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What Your Style Says About Your Personal Brand

“Are you going to wear that?” How many of us heard our mothers ask this question when we were younger? She asked because she knew something important: first impressions matter. Even before you speak a word to someone, how you dress — and what you wear, specifically – can impact both the initial impression you make on others and their subsequent expectations about you. While your style alone cannot guarantee success professionally, it can help shape outcomes of business meetings, networking events and job interviews, for better or worse.

Details Matter (Especially to First Impressions)

Imagine two candidates arrive to interview for a position at your company. The first one appears neatly and cleanly groomed, wearing a well-fitting suit with a nice tie. The other candidate also appears well groomed and wears a trendy suit, but it’s wrinkled and paired with an outdated tie and scuffed shoes. Without knowing anything else about them, who would you want to represent your company?

Your outward presentation influences how others interact with you and their assumptions about your credibility and qualifications. When you dress well, you provide preliminary evidence that you care about making a good impression and are detail-oriented, responsible, on top of trends (important in certain industries) etc. This signals to colleagues, potential employers or new contacts that there’s a strong likelihood you’ll carefully represent them, their companies or shared interests well. While certainly you can (and should) show these sought-after qualities in conversation, why start off on the wrong foot and have to overcome a negative impression based on how you first presented yourself?

In addition to choosing clothing that flatters your body type, avoid wearing anything that’s wrinkled, ill-fitting, stained or worn out (signs include pilling, ripped seams, frayed cuffs, cracked buttons, faded fabric etc.), which shows lack of care and distracts from the message you want to convey. Breaking the bank for a new wardrobe every time a key meeting is approaching is not necessary, but with a little effort, you can ensure that you wear something that makes positive first impressions. Of course, planning is key, especially for a high-stakes meeting or event. Plan out what you want to wear (including shoes and accessories) a few days ahead of time, particularly if you need to fit in a trip to the dry cleaners. The extra day to ensure you’re pressed and polished from head to toe can make a difference the overall impression you make.

Know The Environment

What you wear in specific situations can have a lasting impact. Always endeavor to find out the dress code beforehand, whether preparing for a job interview, conference, meeting or industry networking event.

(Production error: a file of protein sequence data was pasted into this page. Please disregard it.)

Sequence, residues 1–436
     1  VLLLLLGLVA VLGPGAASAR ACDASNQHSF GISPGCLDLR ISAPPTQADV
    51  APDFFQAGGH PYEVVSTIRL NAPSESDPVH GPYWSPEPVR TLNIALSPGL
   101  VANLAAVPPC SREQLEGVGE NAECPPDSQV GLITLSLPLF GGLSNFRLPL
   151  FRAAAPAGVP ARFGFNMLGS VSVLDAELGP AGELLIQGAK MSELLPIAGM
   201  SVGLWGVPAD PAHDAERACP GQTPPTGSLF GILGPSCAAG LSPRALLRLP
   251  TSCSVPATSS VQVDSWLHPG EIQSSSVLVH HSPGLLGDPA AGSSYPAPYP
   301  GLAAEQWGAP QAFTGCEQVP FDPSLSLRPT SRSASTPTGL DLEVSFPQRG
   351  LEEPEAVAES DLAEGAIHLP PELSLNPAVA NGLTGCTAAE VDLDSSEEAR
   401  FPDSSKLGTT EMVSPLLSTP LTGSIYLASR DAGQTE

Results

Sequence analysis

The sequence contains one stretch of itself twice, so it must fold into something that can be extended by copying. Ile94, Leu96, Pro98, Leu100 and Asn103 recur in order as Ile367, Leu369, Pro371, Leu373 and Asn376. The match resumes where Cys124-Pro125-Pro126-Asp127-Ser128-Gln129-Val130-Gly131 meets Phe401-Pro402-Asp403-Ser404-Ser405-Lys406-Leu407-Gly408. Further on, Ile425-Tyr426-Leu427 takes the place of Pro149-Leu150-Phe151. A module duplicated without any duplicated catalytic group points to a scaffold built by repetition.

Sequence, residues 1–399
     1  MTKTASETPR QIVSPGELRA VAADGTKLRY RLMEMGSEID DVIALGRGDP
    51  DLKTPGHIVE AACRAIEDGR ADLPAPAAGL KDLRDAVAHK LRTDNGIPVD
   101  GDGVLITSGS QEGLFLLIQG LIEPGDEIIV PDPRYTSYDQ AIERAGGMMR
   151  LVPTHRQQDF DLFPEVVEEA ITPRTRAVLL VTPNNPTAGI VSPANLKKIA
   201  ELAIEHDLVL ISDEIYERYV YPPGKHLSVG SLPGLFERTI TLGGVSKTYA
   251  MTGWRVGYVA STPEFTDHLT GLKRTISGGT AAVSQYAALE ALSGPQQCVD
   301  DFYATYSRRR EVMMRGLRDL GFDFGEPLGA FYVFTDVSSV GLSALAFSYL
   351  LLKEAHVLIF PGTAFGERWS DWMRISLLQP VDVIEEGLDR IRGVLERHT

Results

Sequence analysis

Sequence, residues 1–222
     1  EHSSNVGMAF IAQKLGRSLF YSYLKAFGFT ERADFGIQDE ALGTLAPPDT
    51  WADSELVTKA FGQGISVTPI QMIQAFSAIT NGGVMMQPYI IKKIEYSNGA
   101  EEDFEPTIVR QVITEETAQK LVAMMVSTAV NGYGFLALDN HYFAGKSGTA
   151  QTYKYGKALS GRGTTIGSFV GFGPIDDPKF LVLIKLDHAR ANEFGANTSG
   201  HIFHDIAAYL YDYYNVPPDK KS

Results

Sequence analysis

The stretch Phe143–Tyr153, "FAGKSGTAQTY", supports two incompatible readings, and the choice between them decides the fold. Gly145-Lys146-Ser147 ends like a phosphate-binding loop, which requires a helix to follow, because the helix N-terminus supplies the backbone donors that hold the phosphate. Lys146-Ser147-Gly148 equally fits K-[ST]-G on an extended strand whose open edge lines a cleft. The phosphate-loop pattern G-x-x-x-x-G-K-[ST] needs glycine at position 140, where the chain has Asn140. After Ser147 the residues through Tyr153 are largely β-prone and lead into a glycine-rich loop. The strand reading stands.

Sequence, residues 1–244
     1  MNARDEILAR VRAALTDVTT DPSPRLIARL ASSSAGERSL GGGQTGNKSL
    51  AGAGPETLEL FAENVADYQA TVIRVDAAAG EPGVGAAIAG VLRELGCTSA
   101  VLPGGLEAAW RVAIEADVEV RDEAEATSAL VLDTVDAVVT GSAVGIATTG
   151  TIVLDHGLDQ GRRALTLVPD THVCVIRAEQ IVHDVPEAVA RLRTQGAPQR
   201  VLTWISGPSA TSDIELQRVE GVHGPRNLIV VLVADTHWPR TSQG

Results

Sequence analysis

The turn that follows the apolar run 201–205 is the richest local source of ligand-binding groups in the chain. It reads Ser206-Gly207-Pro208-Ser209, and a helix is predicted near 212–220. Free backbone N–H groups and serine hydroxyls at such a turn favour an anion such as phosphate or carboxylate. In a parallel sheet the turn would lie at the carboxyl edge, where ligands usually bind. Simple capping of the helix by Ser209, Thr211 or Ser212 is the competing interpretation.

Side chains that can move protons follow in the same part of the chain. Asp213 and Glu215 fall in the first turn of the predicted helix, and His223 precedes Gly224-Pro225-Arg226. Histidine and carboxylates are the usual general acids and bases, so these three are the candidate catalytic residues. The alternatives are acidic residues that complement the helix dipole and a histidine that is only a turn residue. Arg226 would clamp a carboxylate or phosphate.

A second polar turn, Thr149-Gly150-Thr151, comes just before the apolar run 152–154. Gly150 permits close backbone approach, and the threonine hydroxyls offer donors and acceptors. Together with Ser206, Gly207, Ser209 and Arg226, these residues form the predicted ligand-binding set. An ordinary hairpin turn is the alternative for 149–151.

An interview outfit can make a strong impression on a hiring manager. In addition to inquiring about a company’s dress code, as part of your preparation, try to learn a bit about the culture too. While it’s great to have personality and your own sense of style, it’s also important to keep in a manner that fits within the overall environment and culture of the organization. Generally speaking, people tend to gravitate towards others like them and want to hire those who’ll fit in, figuring that they’ll be accepted more easily and therefore hit the ground running faster. This doesn’t mean you have to give up being yourself, but sticking out may hurt your chances of landing a position (depending on the industry and role itself).

However, if company culture is casual, with employees wearing jeans and sneakers, this doesn’t mean you should arrive to an interview in jeans and sneakers. Go at least a step up or two (business casual shirt and trousers, for example), but don’t go overboard with a three-piece suit either. Dressing too formally in a clearly casual setting may backfire, raising questions about your compatibility and lack of due diligence researching the organization.


If you’re attending a conference or reception and are unsure about the dress code, ask a fellow attendee who’s been before or the event organizers. The last thing you want to do is to walk into an event in a golf shirt and khakis while everyone else is in suits and ties. If you’re noticeably under-dressed for a particular setting, the inevitable preoccupation with your fashion faux pas may cause you to lose focus on your goals for attending in the first place. If the environment is one in which you’re meeting people for the first time, you especially want to ensure that others’ first impression of your personal brand is a strong and positive one. No one wants to be known as the person who dressed inappropriately.